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What might be the optimum ploy to motivate people to participate in the survey as soon as possible (PEACAM factors): using Option Solving?

With his online survey becoming a reality, this writer then found the next challenge was to encourage participants to respond to it a timely fashion. However, depending on the personality of each participant determines how long it takes them to respond and complete the survey. An open-ended window creates a certain amount of tracking chaos, and some clients are likely to become frustrated if it takes too long for a team exercise to become complete. He therefore started wondering about the optimum motivators.

He then turned to create another appropriate rational question, as follows, to begin the process of finding yet another optimal solution for this survey project. That question became: “What could be the optimum ploy for motivating people to participate in an online survey, soonest, using PEACAM; considering 1) natural tendency to postpone, 2) inclination to be reticent about the outcome, 3) a new situation not experienced before, and 4) wanting to know if it will be valuable time spent?” Other considerations were clearly apparent, but these were the key ones without making the exercise overly complicated.

Now he was back to draft two unlikely “bookends”, the yin and yang, in order to focus his intuitive capabilities and stimulate his creative thinking toward producing a range of viable options. The bookends he chose turned-out to be: “Give open-ended timeframe” and “Use heavy financial incentive,” both not particularly viable in the circumstances. The reasons for why these outliers would not be chosen are given in our worked example. However, using option-framers like these help to focus participants’ brilliant intuitive minds, which can so easily be distracted, before figuring out their most likely and realistic options – again, see our Latest Worked Example.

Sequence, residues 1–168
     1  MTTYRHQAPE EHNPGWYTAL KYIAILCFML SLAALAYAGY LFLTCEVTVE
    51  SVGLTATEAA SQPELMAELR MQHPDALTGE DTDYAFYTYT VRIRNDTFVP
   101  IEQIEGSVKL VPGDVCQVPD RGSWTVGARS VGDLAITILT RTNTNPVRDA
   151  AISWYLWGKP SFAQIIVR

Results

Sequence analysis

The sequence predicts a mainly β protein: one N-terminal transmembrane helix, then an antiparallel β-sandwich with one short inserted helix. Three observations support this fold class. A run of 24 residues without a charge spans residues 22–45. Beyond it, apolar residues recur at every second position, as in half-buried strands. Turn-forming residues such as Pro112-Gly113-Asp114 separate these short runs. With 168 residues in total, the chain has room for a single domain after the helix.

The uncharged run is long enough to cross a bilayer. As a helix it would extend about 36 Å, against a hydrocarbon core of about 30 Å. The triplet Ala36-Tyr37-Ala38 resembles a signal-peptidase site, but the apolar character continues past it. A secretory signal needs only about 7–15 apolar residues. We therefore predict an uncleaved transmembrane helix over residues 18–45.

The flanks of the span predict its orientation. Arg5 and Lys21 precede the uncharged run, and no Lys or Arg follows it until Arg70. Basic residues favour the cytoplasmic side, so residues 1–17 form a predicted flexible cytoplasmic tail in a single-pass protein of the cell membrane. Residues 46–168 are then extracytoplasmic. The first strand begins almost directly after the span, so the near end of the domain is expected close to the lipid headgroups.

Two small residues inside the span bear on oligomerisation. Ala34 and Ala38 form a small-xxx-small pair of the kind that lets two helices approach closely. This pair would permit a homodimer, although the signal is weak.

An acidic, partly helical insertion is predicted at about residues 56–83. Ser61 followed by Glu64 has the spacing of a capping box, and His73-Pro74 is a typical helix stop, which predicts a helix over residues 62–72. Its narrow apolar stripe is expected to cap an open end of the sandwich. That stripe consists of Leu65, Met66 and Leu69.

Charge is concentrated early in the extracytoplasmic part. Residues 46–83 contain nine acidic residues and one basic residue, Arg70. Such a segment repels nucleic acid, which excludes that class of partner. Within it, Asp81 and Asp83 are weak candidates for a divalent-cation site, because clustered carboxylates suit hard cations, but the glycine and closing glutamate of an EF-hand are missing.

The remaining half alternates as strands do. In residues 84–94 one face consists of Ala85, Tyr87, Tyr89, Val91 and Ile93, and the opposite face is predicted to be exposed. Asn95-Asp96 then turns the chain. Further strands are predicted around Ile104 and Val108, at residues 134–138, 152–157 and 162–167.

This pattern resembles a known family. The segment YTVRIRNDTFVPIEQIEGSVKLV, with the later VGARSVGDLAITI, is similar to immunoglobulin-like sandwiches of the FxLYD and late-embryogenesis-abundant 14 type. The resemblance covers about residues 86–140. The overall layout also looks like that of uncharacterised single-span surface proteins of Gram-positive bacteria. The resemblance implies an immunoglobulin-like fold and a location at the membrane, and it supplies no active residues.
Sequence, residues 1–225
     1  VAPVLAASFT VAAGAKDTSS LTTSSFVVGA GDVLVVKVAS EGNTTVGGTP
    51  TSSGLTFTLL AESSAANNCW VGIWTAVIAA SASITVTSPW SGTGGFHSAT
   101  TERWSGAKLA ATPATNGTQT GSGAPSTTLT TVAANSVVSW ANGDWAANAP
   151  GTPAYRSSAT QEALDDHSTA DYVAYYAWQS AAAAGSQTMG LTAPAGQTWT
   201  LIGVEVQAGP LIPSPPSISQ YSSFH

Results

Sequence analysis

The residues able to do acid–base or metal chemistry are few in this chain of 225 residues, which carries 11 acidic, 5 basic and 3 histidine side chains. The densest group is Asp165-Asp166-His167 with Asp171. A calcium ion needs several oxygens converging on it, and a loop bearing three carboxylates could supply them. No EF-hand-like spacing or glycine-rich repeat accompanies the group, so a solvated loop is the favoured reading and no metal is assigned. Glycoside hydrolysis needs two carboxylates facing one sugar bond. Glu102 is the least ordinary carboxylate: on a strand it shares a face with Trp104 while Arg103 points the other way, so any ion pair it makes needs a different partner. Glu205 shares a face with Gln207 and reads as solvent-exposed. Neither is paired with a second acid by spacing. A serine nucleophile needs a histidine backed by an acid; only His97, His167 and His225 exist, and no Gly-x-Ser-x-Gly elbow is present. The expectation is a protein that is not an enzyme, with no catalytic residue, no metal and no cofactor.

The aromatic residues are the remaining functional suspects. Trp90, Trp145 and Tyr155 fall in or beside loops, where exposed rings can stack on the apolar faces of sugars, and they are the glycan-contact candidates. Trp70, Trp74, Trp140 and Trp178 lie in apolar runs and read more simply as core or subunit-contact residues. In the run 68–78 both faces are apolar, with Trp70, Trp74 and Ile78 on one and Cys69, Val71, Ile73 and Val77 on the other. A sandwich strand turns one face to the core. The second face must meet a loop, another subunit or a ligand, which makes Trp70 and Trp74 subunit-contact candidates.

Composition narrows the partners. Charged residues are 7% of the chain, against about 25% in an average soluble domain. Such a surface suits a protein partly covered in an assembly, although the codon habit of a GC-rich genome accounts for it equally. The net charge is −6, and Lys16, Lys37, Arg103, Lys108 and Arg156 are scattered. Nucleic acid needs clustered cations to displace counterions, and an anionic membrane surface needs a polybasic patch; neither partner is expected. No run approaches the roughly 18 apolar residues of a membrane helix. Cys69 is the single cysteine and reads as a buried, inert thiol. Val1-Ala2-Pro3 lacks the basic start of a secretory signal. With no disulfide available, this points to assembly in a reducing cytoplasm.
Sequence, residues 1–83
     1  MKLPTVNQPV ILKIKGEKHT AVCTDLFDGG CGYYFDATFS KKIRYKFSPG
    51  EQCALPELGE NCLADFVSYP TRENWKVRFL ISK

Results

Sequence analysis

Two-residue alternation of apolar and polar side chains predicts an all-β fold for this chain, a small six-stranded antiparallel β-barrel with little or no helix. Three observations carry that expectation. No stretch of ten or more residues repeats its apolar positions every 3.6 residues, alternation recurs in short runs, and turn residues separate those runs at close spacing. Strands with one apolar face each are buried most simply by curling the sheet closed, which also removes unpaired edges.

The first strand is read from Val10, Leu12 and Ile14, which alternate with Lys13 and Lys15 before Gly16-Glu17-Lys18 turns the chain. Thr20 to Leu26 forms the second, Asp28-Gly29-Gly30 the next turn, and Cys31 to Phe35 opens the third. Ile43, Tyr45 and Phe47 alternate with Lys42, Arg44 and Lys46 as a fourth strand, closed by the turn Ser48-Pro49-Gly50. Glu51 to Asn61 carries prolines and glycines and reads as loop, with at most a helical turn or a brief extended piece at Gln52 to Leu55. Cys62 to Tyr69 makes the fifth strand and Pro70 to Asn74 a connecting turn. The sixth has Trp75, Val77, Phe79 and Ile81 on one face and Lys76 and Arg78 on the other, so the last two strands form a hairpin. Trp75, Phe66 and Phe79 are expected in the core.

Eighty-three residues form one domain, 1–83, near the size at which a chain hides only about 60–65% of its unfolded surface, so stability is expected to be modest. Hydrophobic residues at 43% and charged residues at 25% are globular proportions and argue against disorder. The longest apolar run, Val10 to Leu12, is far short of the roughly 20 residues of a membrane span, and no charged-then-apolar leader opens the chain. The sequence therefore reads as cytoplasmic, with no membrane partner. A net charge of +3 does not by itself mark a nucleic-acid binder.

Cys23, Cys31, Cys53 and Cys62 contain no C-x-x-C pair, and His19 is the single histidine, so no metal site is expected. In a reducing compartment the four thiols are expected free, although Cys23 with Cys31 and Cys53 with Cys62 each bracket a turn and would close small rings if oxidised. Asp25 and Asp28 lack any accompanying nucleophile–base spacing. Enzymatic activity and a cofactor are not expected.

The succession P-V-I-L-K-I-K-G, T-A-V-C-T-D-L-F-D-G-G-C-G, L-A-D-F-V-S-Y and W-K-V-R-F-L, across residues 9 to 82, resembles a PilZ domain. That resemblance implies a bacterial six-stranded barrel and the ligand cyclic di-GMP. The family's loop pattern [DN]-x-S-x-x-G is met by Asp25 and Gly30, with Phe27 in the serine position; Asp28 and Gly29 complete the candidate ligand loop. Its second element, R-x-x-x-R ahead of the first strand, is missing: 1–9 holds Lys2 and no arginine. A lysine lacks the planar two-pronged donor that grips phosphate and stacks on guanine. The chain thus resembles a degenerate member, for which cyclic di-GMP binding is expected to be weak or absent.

Since it’s vital to come up with at least five realistic options to stretch ones thinking, you will see this writer produced six. Look at our Latest Example and you will see those six options, with one of them being: “Option P – Spell out purpose – that is: Tapping team potential and possibilities” With his “pictogram” in place, indicating his range of six options, this writer now set aside some time to allow for emotional distancing. Emotional distancing would allow his intuitive mind to sub-consciously ponder those six options, while doing other things, and enable him to be more objective when he returned to it.

Since one’s intuition enjoys pictures, a pictogram aids fast intuitive absorption. He then allowed his intuition to work on it. An hour later, he returned to it for helping with an optimum choice relative to all the four question considerations. Which option would you have chosen, if you were in his shoes? As his morning got underway he moved ahead with any related working principles, while all the factors were fresh in his mind and, an hour or so later, he returned to it to make his choice.

If you have an example of your own, please share it with this blogger, through the COMMENTS area.  Thanks Option Solving. (NOTE: Next posting will be in two weeks time: “Peeling the Onion – What might be the optimum ploy to motivate people to participate in the survey as soon as possible (PEACAM factors)?” Let’s have your COMMENTS or go to peter@ileadershipsolutions.com to connect with the blogger. Also consider buying the book: “Smart Decisions: Goodbye Problems, Hello Options” through amazon.com)